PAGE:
Alan Cox (second from left) and Elfie Wagner (right front) helped carry the rainbow flag at a previous Moab Pride event. The Moab City Council voted 3-2 this week to approve the group's request to waive up to ,415 in city fees for this year's festival and march. [Photo courtesy of Moab Pride]

Moab Pride Festival organizers can put their checkbook away for the time being, but their counterparts with the April Action Car Show should keep theirs handy, just in case.

The Moab City Council voted 3-2 on Tuesday, July 10, to waive up to $1,415 in fees for this year’s Pride festival and march, which will be held on Sept. 29 at Swanny City Park, and on nearby city streets. At the same time, though, it held off on any consideration of the Moab Rotary Club’s request to waive up to $4,735 in fees for the 2019 car show.

Initially, the council’s vote on Moab Pride’s request was at a standstill: Council members Rani Dersary and Mike Duncan supported a motion in favor of the fee waiver, while Kalen Jones and Tawny Knuteson-Boyd opposed it. However, because council member Karen Guzman-Newton was absent from the meeting, Mayor Emily Niehaus stepped in to cast a rare tie-breaking vote in favor of the request.

At one point during the meeting, Derasary withdrew her motion to approve the waiver, but Moab City Manager David Everitt ultimately suggested that council members should grant it.

“Let’s call it good,” he said. “This is really probably the only event that we know of that’s going to be coming back in, in this way.”

Everitt also advised the council not to approve the Rotary Club’s request this week, on the grounds that car show organizers might be subject to a future process to evaluate fee-waiver applications for special events.

“But with Pride, because Pride’s in a couple of months coming up, it certainly seems to me a logical approach to say, ‘Well, old rules should apply to (it), because Pride’s in 2018; the new rules should apply to the 2019 car show application,’” he said.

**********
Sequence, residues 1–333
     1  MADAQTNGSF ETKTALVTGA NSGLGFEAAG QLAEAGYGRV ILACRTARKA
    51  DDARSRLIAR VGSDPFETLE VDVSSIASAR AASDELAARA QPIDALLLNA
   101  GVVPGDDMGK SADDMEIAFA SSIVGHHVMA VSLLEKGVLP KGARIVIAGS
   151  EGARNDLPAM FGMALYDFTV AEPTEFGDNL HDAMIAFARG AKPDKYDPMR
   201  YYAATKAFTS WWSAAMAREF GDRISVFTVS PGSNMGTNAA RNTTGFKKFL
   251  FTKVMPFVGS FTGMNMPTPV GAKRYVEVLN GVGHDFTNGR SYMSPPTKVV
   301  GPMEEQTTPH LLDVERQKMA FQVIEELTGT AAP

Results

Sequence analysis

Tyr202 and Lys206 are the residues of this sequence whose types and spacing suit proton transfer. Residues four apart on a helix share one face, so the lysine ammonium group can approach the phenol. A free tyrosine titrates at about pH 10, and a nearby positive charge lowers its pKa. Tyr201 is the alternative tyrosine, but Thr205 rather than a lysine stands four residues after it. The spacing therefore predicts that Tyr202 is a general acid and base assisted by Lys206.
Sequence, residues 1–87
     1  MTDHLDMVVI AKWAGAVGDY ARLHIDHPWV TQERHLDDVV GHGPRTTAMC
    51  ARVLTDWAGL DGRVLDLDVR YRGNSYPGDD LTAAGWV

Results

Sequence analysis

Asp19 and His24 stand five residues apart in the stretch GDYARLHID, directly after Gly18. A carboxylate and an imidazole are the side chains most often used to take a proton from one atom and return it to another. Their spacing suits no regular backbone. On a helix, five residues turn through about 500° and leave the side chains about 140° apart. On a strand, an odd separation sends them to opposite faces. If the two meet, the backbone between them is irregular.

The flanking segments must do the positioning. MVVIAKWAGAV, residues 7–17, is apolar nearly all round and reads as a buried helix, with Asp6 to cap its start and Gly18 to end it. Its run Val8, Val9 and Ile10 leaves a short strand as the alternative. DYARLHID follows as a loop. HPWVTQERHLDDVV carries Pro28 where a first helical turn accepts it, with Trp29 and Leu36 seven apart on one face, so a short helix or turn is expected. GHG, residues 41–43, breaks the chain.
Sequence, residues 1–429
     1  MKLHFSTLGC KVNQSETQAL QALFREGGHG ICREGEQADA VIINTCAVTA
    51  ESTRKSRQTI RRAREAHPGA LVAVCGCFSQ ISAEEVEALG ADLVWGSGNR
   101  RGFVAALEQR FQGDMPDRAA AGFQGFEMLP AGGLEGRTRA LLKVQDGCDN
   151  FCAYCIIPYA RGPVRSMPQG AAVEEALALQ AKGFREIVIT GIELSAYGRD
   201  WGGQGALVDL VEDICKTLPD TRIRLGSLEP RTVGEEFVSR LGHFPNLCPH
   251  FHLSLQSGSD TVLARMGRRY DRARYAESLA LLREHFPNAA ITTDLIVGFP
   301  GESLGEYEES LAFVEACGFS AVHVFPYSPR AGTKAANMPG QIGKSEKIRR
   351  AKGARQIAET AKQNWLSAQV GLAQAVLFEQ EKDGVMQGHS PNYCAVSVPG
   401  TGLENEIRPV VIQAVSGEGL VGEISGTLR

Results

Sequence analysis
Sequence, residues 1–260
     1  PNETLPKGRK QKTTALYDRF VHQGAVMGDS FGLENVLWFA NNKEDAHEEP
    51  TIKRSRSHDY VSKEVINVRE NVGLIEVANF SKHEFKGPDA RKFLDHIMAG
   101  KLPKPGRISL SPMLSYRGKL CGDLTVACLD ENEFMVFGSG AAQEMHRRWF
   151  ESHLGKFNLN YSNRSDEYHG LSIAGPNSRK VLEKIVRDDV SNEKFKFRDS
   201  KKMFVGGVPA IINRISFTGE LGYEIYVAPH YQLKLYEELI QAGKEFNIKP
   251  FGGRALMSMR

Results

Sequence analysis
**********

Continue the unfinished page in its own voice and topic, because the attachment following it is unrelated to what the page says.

Everitt said he would hope that the city’s new fee-waiver policy for special events will be in place fairly soon.

“But until it’s in place, it’s not in place, so I struggle to really commit to that,” he said.

Duncan said he’s “perplexed” because he thought city officials would create a budget item that would fund not only grants, but “typical and reasonable” fee-waiver requests, as well.

“I’m very sympathetic to these guys … but it’s kind of weird appropriating money out of a budget that doesn’t exist yet,” he said.

The council’s latest discussion of fee waivers for special events at Swanny City Park comes in the wake of complaints from some residents who live in the neighborhood.

In addition to well-established events like the April Action Car Show and the Moab Arts Festival, the park’s visitor-season calendar is now full of numerous races, concerts and events that require special-use permits from the city. With more and more people flocking to organized events at the park each year, concerns about noise, congestion and other impacts on the surrounding neighborhood have been on the rise.

In an unsigned March 20 letter to the council, Pride organizers said they recognize the concerns that some neighborhood residents have raised about special events. But they said they believe the festival is one of the “least invasive” events at the park because it has fewer attendees — and because most activities take place in the middle of the park, toward 100 West.